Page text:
Even if Woods is replaced, it's clear that if this young Browns defense puts in the effort to be great, they can be and the coordinator, while important, is secondary in that equation. It's maddening that this wasn't effectively solved last year when the Browns dealt with the exact same issues before playing better football on defense in the second half of the season. They shouldn't be this naïve.
The embarrassment of being outed in public, even if specific names were mentioned, had an impact. That's largely because no one needed to name names to understand exactly which players were being called out for being unprofessional. Suddenly, the group performed better as a whole.
Confidence is also something that shouldn't be ignored. With a defense so young, it's probably a group that has lost some confidence as they've experienced so many letdowns. With this performance against the Ravens, they should have more of it as they prepare to face off against another familiar foe in the Cincinnati Bengals.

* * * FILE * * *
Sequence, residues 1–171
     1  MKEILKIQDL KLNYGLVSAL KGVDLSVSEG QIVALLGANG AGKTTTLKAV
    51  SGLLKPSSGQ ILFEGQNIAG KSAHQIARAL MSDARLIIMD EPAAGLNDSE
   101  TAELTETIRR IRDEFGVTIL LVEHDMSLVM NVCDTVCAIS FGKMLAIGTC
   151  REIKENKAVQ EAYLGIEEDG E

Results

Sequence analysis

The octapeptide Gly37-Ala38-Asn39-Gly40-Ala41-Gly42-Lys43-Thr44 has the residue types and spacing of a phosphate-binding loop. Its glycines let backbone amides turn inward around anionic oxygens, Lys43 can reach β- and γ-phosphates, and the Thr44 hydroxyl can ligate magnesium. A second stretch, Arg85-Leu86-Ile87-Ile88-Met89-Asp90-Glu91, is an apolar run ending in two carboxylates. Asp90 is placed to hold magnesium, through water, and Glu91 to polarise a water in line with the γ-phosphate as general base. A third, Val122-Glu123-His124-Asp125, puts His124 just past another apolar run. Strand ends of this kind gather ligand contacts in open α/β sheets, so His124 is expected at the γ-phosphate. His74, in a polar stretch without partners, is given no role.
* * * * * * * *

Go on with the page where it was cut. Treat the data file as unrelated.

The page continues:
Maybe this will spur some badly needed leadership on the defensive side of the ball. Myles Garrett thinks of himself as a leader, perhaps the leader, but he's noted that he's not always going to be a vocal one. Even if that was his sole focus, they still need more players to set a standard and live by it, ensuring it proliferates through the locker room.
No football team with aspirations of sustained success can operate on the premise that they need to be called out publicly to perform. It might work for a week or two, but it's temporary. Repeatedly going to that well will do more harm than good, resulting in division rather than unity. It's on this group, a unit that has potential to be a good defense to decide how badly they want to stick together and build something that can potentially lead to a championship.
The Browns defense has to prove they are a professional outfit, which shouldn't be a big ask. Against the Ravens, they showed they could be. That needs to continue with their game against the Bengals and be the last time there's any question about whether players are invested enough in the team's success.